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A Political and Social History of Modern Europe V.1.   By: (1882-1964)

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This book represents an attempt on the part of the author to satisfy a very real need of a textbook which will reach far enough back to afford secure foundations for a college course in modern European history.

The book is a long one, and purposely so. Not only does it undertake to deal with a period at once the most complicated and the most inherently interesting of any in the whole recorded history of mankind, but it aims to impart sufficiently detailed information about the various topics discussed to make the college student feel that he is advanced a grade beyond the student in secondary school. There is too often a tendency to underestimate the intellectual capabilities of the collegian and to feed him so simple and scanty a mental pabulum that he becomes as a child and thinks as a child. Of course the author appreciates the fact that most college instructors of history piece out the elementary textbooks by means of assignments of collateral reading in large standard treatises. All too frequently, however, such assignments, excellent in themselves, leave woeful gaps which a slender elementary manual is inadequate to fill. And the student becomes too painfully aware, for his own educational good, of a chasmal separation between his textbook and his collateral reading. The present manual is designed to supply a narrative of such proportions that the need of additional reading will be somewhat lessened, and at the same time it is provided with critical bibliographies and so arranged as to enable the judicious instructor more easily to make substitutions here and there from other works or to pass over this or that section entirely. Perhaps these considerations will commend to others the judgment of the author in writing a long book.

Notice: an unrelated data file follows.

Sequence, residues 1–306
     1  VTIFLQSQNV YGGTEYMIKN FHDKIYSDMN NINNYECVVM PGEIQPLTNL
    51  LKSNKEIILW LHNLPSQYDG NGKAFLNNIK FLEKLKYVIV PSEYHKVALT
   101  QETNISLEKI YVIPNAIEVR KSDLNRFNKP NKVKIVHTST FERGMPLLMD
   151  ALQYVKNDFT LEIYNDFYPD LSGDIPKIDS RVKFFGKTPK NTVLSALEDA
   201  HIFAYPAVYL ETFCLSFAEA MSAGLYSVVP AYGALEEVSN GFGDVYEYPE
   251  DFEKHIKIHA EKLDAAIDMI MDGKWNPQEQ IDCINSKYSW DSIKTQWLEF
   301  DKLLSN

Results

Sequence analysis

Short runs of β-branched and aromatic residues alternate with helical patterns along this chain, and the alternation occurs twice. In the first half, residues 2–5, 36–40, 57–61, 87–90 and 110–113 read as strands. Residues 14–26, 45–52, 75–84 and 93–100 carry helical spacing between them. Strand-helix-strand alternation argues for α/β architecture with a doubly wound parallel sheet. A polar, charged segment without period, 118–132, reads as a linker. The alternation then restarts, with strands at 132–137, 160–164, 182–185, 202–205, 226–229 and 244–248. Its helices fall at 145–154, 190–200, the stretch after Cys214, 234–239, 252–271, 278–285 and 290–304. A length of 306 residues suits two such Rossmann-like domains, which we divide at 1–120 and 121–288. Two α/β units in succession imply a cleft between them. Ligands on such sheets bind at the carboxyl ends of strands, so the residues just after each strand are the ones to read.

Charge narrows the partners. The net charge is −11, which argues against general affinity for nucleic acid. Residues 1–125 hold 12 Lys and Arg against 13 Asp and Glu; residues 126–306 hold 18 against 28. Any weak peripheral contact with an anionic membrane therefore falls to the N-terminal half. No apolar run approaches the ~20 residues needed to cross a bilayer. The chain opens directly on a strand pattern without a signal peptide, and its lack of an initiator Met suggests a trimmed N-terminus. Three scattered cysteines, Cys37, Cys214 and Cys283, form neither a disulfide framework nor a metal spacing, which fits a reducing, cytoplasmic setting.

Nowadays prefaces to textbooks of modern history almost invariably proclaim their writers' intention to stress recent happenings or at least those events of the past which have had a direct bearing upon the present. An examination of the following pages will show that in the case of this book there is no discrepancy between such an intention on the part of the present writer and its achievement. Beginning with the sixteenth century, the story of the civilization of modern Europe is carried down the seventeenth, eighteenth, and nineteenth centuries with constant crescendo . Of the total space devoted to the four hundred years under review, the last century fills half. And the greatest care has been taken to bring the story down to date and to indicate as clearly and calmly as possible the underlying causes of the vast contemporaneous European war, which has already put a new complexion on our old historical knowledge and made everything that went before seem part and parcel of an old regime.

As to why the author has preferred to begin the story of modern Europe with the sixteenth century, rather than with the thirteenth or with the French Revolution, the reader is specially referred to the Introduction . It has seemed to the author that particularly from the Commercial Revolution of the sixteenth century dates the remarkable and steady evolution of that powerful middle class the bourgeoisie which has done more than all other classes put together to condition the progress of the several countries of modern Europe and to create the life and thought of the present generation throughout the world. The rise of the bourgeoisie is the great central theme of modern history; it is the great central theme of this book.

Not so very long ago distinguished historians were insisting that the state, as the highest expression of man's social instincts and as the immediate concern of all human beings, is the only fit subject of historical study, and that history, therefore, must be simply "past politics"; under their influence most textbooks became compendiums of data about kings and constitutions, about rebellions and battles... Continue reading book >>

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